ICG-Fluorescence Imaging for Margin Assessment during Minimally Invasive Colorectal Liver Metastasis Resection

Friso B. Achterberg, Okker D. Bijlstra, Maxime D. Slooter, Babs G. Sibinga Mulder, Mark C. Boonstra, Stefan A. Bouwense, Koop Bosscha, Mariëlle M.E. Coolsen, Wouter J.M. Derksen, Michael F. Gerhards, Paul D. Gobardhan, Jeroen Hagendoorn, Daan Lips, Hendrik A. Marsman, Babs M. Zonderhuis, Lissa Wullaert, Hein Putter, Jacobus Burggraaf, J. Sven D. Mieog, Alexander L. VahrmeijerRutger Jan Swijnenburg*

*Corresponding author for this work

Research output: Contribution to journalArticleAcademicpeer-review

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Abstract

Importance: 

Unintended tumor-positive resection margins occur frequently during minimally invasive surgery for colorectal liver metastases and potentially negatively influence oncologic outcomes. 

Objective: 

To assess whether indocyanine green (ICG)-fluorescence-guided surgery is associated with achieving a higher radical resection rate in minimally invasive colorectal liver metastasis surgery and to assess the accuracy of ICG fluorescence for predicting the resection margin status. 

Design, Setting, and Participants: 

The MIMIC (Minimally Invasive, Indocyanine-Guided Metastasectomy in Patients With Colorectal Liver Metastases) trial was designed as a prospective single-arm multicenter cohort study in 8 Dutch liver surgery centers. Patients were scheduled to undergo minimally invasive (laparoscopic or robot-assisted) resections of colorectal liver metastases between September 1, 2018, and June 30, 2021. 

Exposures: 

All patients received a single intravenous bolus of 10 mg of ICG 24 hours prior to surgery. During surgery, ICG-fluorescence imaging was used as an adjunct to ultrasonography and regular laparoscopy to guide and assess the resection margin in real time. The ICG-fluorescence imaging was performed during and after liver parenchymal transection to enable real-time assessment of the tumor margin. Absence of ICG fluorescence was favorable both during transection and in the tumor bed directly after resection.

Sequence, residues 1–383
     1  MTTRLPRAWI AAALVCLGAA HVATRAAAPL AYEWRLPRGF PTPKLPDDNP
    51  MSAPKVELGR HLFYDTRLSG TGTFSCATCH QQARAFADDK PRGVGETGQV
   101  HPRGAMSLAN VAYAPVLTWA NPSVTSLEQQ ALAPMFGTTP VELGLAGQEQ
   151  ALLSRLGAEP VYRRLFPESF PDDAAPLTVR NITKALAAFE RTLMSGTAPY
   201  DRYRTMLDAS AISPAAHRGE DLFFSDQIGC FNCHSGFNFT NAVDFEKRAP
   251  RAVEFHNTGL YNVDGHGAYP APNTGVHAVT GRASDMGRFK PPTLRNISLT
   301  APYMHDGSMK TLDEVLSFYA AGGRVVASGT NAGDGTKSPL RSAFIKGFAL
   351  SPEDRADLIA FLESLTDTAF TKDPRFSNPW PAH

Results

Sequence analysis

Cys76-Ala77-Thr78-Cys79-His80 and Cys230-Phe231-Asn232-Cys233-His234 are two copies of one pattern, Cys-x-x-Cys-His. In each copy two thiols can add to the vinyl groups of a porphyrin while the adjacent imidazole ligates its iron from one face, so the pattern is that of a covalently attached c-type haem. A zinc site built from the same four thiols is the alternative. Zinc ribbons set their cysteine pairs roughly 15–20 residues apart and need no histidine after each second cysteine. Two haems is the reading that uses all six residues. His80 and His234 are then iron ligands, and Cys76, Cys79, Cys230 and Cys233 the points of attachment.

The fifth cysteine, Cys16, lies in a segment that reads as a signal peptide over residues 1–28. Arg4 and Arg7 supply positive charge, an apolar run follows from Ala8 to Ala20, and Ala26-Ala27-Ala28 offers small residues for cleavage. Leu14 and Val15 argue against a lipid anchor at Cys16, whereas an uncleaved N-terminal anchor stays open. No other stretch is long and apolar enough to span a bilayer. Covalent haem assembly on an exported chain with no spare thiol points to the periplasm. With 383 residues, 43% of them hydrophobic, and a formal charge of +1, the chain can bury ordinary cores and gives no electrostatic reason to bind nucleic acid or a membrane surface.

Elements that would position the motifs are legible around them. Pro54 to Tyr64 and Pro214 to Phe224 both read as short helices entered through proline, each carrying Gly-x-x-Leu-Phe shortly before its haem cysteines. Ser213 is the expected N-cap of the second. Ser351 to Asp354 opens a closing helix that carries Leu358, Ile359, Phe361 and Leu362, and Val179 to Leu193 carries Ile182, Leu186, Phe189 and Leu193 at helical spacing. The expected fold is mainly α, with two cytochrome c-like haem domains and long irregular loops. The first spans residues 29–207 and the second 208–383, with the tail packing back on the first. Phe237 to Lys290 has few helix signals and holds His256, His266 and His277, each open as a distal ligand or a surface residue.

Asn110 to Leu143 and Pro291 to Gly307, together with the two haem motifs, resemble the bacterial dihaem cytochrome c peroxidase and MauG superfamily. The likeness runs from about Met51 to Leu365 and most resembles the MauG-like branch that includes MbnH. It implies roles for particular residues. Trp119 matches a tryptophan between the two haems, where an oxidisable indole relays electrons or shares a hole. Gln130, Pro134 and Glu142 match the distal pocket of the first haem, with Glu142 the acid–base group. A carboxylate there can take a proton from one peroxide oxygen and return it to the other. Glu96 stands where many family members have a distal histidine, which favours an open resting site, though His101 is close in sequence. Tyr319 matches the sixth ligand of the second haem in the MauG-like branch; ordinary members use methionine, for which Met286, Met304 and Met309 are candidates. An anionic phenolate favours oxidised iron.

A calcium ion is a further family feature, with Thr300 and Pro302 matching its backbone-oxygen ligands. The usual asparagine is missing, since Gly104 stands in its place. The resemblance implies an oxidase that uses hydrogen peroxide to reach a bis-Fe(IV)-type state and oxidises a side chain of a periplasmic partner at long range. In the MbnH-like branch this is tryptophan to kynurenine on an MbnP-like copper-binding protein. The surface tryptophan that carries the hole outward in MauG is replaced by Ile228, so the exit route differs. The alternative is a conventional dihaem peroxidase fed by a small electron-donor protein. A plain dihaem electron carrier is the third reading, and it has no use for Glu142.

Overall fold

Main Outcomes and Measures: 

The primary outcome measure was the radical (R0) resection rate, defined by the percentage of colorectal liver metastases resected with at least a 1 mm distance between the tumor and resection plane. Secondary outcomes were the accuracy of ICG fluorescence in detecting margin-positive (R1; <1 mm margin) resections and the change in surgical management. 

Results:

 In total, 225 patients were enrolled, of whom 201 (116 [57.7%] male; median age, 65 [IQR, 57-72] years) with 316 histologically proven colorectal liver metastases were included in the final analysis. The overall R0 resection rate was 92.4%. Re-resection of ICG-fluorescent tissue in the resection cavity was associated with a 5.0% increase in the R0 percentage (from 87.4% to 92.4%; P <.001). The sensitivity and specificity for real-time resection margin assessment were 60% and 90%, respectively (area under the receiver operating characteristic curve, 0.751; 95% CI, 0.668-0.833), with a positive predictive value of 54% and a negative predictive value of 92%. After training and proctoring of the first procedures, participating centers that were new to the technique had a comparable false-positive rate for predicting R1 resections during the first 10 procedures (odds ratio, 1.36; 95% CI, 0.44-4.24). The ICG-fluorescence imaging was associated with changes in intraoperative surgical management in 56 (27.9%) of the patients. 

Conclusions and Relevance: 

In this multicenter prospective cohort study, ICG-fluorescence imaging was associated with an increased rate of tumor margin-negative resection and changes in surgical management in more than one-quarter of the patients. The absence of ICG fluorescence during liver parenchymal transection predicted an R0 resection with 92% accuracy. These results suggest that use of ICG fluorescence may provide real-time feedback of the tumor margin and a higher rate of complete oncologic resection.

Original languageEnglish
Article numberE246548
JournalJAMA network open
Volume7
Issue number4
DOIs
Publication statusPublished - 19 Apr 2024

Bibliographical note

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© 2024 American Medical Association. All rights reserved.

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